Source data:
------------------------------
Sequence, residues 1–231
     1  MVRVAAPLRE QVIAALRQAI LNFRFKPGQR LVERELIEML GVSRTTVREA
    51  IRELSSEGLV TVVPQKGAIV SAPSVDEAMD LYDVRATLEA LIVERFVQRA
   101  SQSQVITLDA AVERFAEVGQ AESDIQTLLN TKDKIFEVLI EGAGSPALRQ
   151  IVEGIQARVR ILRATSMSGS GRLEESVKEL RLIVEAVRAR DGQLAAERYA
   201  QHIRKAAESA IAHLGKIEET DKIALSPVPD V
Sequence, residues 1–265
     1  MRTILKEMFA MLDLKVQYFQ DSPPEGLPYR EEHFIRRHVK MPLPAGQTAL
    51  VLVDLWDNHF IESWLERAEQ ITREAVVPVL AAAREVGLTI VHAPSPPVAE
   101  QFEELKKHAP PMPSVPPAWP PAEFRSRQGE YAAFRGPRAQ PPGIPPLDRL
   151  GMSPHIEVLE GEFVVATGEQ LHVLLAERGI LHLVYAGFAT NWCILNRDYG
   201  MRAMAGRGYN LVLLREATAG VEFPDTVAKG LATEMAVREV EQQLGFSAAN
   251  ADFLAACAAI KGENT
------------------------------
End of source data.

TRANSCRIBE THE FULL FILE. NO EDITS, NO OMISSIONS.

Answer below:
Sequence, residues 1–231
     1  MVRVAAPLRE QVIAALRQAI LNFRFKPGQR LVERELIEML GVSRTTVREA
    51  IRELSSEGLV TVVPQKGAIV SAPSVDEAMD LYDVRATLEA LIVERFVQRA
   101  SQSQVITLDA AVERFAEVGQ AESDIQTLLN TKDKIFEVLI EGAGSPALRQ
   151  IVEGIQARVR ILRATSMSGS GRLEESVKEL RLIVEAVRAR DGQLAAERYA
   201  QHIRKAAESA IAHLGKIEET DKIALSPVPD V
Sequence, residues 1–265
     1  MRTILKEMFA MLDLKVQYFQ DSPPEGLPYR EEHFIRRHVK MPLPAGQTAL
    51  VLVDLWDNHF IESWLERAEQ ITREAVVPVL AAAREVGLTI VHAPSPPVAE
   101  QFEELKKHAP PMPSVPPAWP PAEFRSRQGE YAAFRGPRAQ PPGIPPLDRL
   151  GMSPHIEVLE GEFVVATGEQ LHVLLAERGI LHLVYAGFAT NWCILNRDYG
   201  MRAMAGRGYN LVLLREATAG VEFPDTVAKG LATEMAVREV EQQLGFSAAN
   251  ADFLAACAAI KGENT